A new report says despite investing billions of dollars in health care, the World Bank and other development agencies have fallen short of their goals.
The report – Aid Without Impact – was released Wednesday by partnership of groups called ACTION or Advocacy to Control Tuberculosis Internationally. The report examines – what are called – sector-wide approaches (SWAps) to health programs in sub-Saharan Africa.
Paul Jensen, ACTION’s global research coordinator, says the main criticism is that the World Bank and other development partners have invested billions of dollars over more than a decade in a sector wide approach to health care “that by and large isn’t improving people’s health.”
He says, “When you go back to the mid 90s, when this approach was conceived, it was really conceived as a way to improve results on the ground. This was meant as a way to improve the way that aid was delivered for health…. And over the course of a decade… we find that it’s really not associated…with improvements in health outcomes looking specifically at sub-Saharan Africa.”
What’s gone wrong?
A sector wide approach, for example, may call for donors to pool their money to support a single policy or program, often with local governments taking the lead.
“It’s meant to improve or build or strengthen a health care system systemically. And it’s meant to finance the delivery of a wide range of interventions. It’s really meant to align the donors and a country around one program of work, like a national health plan,” says Jensen.
ACTION report evaluates World Bank and donor sector-wide approach to health programs
He says overall the idea behind it is sound. But he adds, “There’s nothing wrong in terms of the concept. It looks great on paper. But when we reviewed the literature and when we analyzed the program ocuments…and talked to people who are knowledgeable, we find that the way that they’re implemented is not associated with improvements with health outcomes.”
The report says implementation of the sector wide approach places a lot of emphasis on coordination. “And what’s lost,” says Jensen, “is that fact that SWAps are a means to an end. And what they’re doing is confusing process with substance…and really confusing means with ends.”
The ACTION report blames part of the problem on a failure to set priorities.
“One of the main criticisms that we have is that there’s actually been very little resources going to robust external evaluations of these SWAps to make sure that they’re working,” he says.
The World Bank is asking donors this year to continue or increase funding for many sector-wide programs.
“The funding that comes from governments needs to be hinged to demands for improvements in performance in the way that the Bank does business in health in sub-Saharan Africa,” he says.
However, he says other donors need to do the same “because SWAp is inherently a multi-donor animal…. We want these programs to be independently evaluated at least every two years.”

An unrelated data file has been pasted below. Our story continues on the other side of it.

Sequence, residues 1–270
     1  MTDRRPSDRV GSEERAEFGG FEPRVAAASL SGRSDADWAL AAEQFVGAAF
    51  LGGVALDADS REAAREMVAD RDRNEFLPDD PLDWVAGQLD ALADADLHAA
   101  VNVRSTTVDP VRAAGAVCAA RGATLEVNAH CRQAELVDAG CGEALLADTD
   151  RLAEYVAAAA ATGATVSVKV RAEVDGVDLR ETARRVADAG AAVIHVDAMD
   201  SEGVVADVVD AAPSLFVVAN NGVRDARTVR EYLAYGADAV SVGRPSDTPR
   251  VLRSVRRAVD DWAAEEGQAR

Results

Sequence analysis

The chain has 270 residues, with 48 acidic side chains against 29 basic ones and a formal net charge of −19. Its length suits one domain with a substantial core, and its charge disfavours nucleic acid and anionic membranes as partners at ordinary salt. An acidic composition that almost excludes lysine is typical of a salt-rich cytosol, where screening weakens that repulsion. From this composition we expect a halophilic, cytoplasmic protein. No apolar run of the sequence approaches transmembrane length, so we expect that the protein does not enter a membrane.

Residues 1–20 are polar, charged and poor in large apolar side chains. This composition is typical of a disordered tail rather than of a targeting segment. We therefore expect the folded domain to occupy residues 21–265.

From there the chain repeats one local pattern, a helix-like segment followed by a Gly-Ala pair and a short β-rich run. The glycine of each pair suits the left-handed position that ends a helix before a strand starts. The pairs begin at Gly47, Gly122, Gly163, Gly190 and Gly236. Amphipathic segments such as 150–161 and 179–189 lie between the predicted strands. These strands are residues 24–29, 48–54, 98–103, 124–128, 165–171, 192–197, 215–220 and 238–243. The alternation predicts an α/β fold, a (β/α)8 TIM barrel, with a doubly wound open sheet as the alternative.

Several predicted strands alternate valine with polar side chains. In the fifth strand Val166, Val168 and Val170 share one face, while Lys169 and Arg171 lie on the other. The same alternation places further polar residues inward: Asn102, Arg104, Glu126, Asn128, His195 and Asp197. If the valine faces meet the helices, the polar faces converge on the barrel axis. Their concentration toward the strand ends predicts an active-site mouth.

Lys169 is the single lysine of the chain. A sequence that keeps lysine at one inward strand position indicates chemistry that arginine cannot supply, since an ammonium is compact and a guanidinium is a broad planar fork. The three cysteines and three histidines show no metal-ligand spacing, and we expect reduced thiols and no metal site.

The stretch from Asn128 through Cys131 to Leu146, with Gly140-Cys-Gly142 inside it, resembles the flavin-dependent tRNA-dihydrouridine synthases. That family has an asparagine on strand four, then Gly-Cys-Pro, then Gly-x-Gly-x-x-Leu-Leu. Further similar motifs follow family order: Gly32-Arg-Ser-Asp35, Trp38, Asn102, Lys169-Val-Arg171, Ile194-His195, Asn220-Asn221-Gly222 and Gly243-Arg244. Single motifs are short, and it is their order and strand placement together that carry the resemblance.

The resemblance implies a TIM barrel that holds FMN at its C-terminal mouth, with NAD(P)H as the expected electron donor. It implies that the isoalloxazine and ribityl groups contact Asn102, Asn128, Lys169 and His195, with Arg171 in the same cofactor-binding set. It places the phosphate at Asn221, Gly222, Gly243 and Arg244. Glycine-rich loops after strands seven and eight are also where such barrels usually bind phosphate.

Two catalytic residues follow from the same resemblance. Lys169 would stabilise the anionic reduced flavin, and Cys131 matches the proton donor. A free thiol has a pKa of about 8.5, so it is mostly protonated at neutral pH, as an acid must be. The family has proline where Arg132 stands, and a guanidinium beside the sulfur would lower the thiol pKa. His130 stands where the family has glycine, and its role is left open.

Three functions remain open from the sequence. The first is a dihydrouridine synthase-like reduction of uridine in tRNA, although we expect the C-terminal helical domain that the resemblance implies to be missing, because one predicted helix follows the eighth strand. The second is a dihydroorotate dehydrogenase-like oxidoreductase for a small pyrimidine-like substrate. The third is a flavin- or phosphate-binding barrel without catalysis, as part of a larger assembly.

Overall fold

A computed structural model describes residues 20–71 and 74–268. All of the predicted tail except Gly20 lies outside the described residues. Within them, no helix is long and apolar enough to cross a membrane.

He also calls for the “management structure within these institutions to be contingent on improvements in performance, in the sense that incentives are provided for management to do better.”
The report states: The findings of a World Bank Independent Evaluation Group (IEG) evaluation of SWAps in the health sector were consistent with this review’s findings, identifying major flaws in the approach the Bank and its development partners are taking to SWAps. These flaws included, among others:
• A general lack of attention to results
• Insufficient attention to ensuring that SWAps are technically sound
• A general failure to monitor country expenditures to be sure they focus on the highest-priority investments
• Very weak monitoring and evaluation of the health programs that SWAps are supporting
The report adds that one of the key areas where the sector wide approach has not achieved the desired results is in TB control.
World Bank rejects findings
The World Bank striongly disagrees with the ACTION report findings. Phil Hay, an adviser to the World Bank's Human Development Network spoke to VOA to dispute the report. Click below to listen.
Also, in a statement, the World Bank says, "The World Bank agrees that tuberculosis is a very serious health problem but considers this new report by the group Action as unfortunately a one-dimensional report that confuses the way that SWAps operate on the ground in Africa."
It says, "TB is a major health problem in the lives of people in Africa and elsewhere. SWAps, however, are large health programs that involve many different donors pooling their money and technical help in the one basket to achieve overall health outcomes.
"Large number of different partners are involved in Africa SWAps. In most cases, the Bank provides a relatively small share of the financing—usually less than 20 percent—with many other donors contributing. With so many donors and partners involved, it is clear that the World Bank cannot be singled out when it comes to discussions on health Swaps in Africa."
The majority of World Bank Africa health operations, it says, do not involve SWAps, adding Africa has 50 ongoing health operations, "of which less than 10 percent support SWAps."
The Bank says, "Our country clients in Africa and other regions continue to look to the Bank for its financing and strategic guidance and leadership, especially during the recent food and fuel emergencies and the continuing economic crisis."
It estimates by the end of the current fiscal year, the Bank will have provided over $4 billion for better health, nutrition, and population over the last twelve months.